Thursday, September 15, 2011


Memories, Part One, by Norma Medford Clayton

Presented at Annie Lee Bryson's funeral last September.

Norma Medford Clayton, or Norma Bryson as I knew her when she was my student during my first year of teaching English at Western Carolina University, composed a memorable tribute to her mother Annie Lee, which she read at her mother's funeral.  Norma's words brought Annie Lee back to life for all of us assembled there. As one of Norma's teachers,  I could claim some small credit, or so I like to think, for this beautifully constructed essay.The credit, however, is all Norma's.  And Annie Lee's.  I am grateful to Norma for allowing me to feature it on this blog.

All of my memories of you are about love for family and friends, love for the Lord, love for crafts, love for tradition, love for animals, and love for learning.  Your love for us was evident in all that you did.  The values and morals that you and Daddy taught us have stayed with us through the years.  Daddy did hard work on his job and he also worked hard when he got home - chopping wood and making a garden.  He was always content if he knew the light bill was paid, we had food to eat, and he had food for his dogs.  That left the rest up to you - you saw that the bills were paid, money was saved for our education and future, food was raised, preserved and cooked, our clothes were made, washed and ironed, quilts were quilted, and that we girls stayed out of trouble.  What a job!

I can remember how you used to milk morning and night in all kinds of weather.  I remember the pan you used to milk in and how the handle was warped from all the years you held it.  I can also remember you saying that being swished in the face with a cow's tail was the reason you had such beautiful, soft, unwrinkled skin.  The times you allowed us girls to go to the barn with you were a treat.  I can still smell the hay, the warm milk, and the pungent smell of cow manure.  I can also hear the sound of the milk as it hit the pan.  In my mind's eye I still see the "nests" of kittens in the barn loft; the feed room with all its barrels, buckets, and mice; Boyah, Dolly, and Dottie Sue in their stalls, and you patiently feeding and milking.

You instilled in us the love of animals.  You patiently nursed orphaned rabbits, skunks, and flying squirrels.  Your steadfast care and gentle nature saved many little lives.  You helped take care of our numerous dogs and cats.  Each one was named and loved.  And when they died, they joined their family and friends in the pet cemetery.  You taught us that all life, no matter how small or seemingly insignificant, was important.

I can remember the suppers you fixed -- fried potatoes and gravy; killed lettuce and onions and new potatoes; hot potato soup; or pinto beans, which Ricky Blackburn called "chocolate beans," and cornbread.  These meals were always accompanied by homemade butter and buttermilk, or sweet milk fresh from our cows.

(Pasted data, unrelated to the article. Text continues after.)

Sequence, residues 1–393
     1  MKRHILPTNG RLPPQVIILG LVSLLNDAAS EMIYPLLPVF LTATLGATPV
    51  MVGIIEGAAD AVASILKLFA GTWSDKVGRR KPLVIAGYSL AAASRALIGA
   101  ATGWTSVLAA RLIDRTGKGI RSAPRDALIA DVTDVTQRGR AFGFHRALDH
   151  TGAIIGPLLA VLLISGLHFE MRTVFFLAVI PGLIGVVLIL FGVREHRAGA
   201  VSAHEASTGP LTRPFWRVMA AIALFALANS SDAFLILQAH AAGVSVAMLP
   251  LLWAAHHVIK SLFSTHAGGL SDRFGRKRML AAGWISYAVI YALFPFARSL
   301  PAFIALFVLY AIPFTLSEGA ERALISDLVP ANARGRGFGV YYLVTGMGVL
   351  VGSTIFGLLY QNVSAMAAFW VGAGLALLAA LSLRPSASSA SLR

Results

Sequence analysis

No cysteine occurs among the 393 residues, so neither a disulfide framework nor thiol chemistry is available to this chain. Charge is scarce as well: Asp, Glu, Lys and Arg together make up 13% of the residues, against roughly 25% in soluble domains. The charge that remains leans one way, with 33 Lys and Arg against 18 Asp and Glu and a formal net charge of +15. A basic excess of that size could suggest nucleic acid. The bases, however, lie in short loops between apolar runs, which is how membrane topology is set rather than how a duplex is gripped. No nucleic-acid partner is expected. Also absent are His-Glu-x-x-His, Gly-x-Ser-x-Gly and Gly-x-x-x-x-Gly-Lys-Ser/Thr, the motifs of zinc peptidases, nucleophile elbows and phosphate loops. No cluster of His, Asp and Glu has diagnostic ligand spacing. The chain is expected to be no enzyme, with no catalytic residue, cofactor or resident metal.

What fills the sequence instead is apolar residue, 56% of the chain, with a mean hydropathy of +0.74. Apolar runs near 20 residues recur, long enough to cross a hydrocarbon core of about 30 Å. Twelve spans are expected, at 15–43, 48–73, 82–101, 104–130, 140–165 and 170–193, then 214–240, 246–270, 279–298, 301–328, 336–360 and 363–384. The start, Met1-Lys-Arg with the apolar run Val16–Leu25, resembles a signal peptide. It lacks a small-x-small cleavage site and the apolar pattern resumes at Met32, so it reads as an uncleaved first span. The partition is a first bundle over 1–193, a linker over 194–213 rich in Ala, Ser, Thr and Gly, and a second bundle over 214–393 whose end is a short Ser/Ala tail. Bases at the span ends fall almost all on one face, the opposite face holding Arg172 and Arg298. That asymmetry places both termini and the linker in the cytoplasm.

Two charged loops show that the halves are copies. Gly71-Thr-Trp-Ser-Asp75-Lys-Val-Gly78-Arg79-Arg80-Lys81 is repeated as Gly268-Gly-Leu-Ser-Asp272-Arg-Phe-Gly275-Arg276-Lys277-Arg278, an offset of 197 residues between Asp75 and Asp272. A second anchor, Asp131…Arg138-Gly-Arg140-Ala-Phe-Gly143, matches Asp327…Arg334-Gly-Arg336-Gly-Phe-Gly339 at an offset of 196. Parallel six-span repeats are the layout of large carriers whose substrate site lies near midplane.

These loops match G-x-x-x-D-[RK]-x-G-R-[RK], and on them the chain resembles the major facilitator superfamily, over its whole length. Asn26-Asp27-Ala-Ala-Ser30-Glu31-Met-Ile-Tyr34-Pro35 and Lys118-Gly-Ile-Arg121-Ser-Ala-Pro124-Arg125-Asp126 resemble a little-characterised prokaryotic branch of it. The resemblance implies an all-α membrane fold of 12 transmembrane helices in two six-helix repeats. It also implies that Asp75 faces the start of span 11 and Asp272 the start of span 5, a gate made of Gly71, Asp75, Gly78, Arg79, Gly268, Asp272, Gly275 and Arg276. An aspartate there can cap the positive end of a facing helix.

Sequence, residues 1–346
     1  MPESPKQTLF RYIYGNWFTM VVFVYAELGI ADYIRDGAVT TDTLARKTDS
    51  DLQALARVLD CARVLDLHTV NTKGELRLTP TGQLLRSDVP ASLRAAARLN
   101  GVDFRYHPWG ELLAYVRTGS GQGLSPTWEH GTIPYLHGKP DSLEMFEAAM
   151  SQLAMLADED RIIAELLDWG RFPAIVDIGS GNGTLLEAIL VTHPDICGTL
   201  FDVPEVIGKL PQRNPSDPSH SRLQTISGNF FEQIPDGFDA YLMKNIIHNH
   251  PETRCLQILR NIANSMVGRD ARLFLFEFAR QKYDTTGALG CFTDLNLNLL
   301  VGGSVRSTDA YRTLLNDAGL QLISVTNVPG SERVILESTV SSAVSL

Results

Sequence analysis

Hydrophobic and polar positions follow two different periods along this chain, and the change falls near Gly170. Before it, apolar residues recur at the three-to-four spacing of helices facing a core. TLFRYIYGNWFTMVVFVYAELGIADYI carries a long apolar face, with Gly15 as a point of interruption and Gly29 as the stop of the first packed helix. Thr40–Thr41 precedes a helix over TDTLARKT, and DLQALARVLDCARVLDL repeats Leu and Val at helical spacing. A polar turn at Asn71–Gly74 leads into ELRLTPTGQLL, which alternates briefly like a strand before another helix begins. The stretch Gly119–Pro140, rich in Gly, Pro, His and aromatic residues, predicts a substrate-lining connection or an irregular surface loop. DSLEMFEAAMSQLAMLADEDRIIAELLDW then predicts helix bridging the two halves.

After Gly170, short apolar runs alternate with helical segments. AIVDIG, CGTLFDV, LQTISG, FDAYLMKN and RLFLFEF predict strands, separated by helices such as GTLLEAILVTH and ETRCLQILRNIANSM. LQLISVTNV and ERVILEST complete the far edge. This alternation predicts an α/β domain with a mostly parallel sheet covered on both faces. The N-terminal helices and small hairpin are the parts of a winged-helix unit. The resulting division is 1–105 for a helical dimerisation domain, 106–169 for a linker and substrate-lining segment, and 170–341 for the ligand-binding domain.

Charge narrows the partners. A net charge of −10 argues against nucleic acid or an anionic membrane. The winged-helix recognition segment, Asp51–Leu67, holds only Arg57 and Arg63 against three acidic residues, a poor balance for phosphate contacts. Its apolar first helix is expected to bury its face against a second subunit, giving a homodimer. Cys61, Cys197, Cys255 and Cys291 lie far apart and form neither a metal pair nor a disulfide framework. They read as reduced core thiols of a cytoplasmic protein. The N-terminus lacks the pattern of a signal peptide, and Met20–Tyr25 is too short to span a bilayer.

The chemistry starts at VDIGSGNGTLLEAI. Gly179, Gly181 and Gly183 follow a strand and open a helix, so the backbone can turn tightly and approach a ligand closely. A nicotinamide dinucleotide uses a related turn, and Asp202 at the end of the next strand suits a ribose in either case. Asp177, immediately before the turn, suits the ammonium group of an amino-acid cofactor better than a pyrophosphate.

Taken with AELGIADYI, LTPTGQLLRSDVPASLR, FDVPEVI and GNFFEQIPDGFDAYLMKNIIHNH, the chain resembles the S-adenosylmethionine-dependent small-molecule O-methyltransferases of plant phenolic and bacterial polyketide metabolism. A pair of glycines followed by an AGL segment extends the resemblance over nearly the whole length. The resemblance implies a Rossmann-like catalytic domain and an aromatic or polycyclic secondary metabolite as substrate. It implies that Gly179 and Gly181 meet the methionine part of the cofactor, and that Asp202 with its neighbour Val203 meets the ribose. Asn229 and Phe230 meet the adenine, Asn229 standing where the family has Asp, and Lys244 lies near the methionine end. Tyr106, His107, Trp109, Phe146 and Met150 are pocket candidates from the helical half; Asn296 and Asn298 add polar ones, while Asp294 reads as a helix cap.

That brings up another memory - the times you let us churn.  You would fill a gallon jar full of milk and we'd rock and sing "Come butter, come," and shake the jar until the "butter came."  We'd feel so important that we had made butter!  And it sure did taste good.

Mama, I remember the potatoes you would slice thin and fry on top of the wood cook stove in the old house.  They'd be almost burned on the outside and almost raw on the inside, but when they were sprinkled with salt they tasted wonderful.  I remember how you used to make pickles for your potato salad.  Those homemade pickles gave the potato salad the best flavor.

I remember the quilts you used to put up on the quilting frame in the living room and I remember how patient you were with each of us as you'd show us how to quilt.  But I'm afraid our stitches weren’t small and even. Some of your friends would ask if you were going to remove the stitches and you'd tell them no. The stitches didn't matter - you were passing down a tradition to us.   And of course we liked to hide beneath the quilting frame - it made a wonderful tent!  

I remember Christmas at our house.  I remember the cedar tree that Daddy always cut.  It would scratch us as we hung the decorations on it, but boy, did it ever smell good!  I can still see the wreath with the bell that always hung on the front door and the chain of glass beads that went on the tree.  I can remember your shopping trips to Bower's Department Store on Christmas Eve.  You always waited until the toys were marked down so we could get a little extra.  I can remember the years when we didn't have that much and you'd wash our dolls and dress them in new clothes you had made and put them under the tree.  I can remember the year that Santa knocked the clock down from the mantle and we found his whiskers nearby.  I can also remember the year that I got a ballerina doll -- I was so excited!  And later on I remember the homemade aprons and store-bought socks we would take around to our aunts and uncles (remember Uncle Lee and the red socks?) and to other people.  Those were wonderful Christmases!

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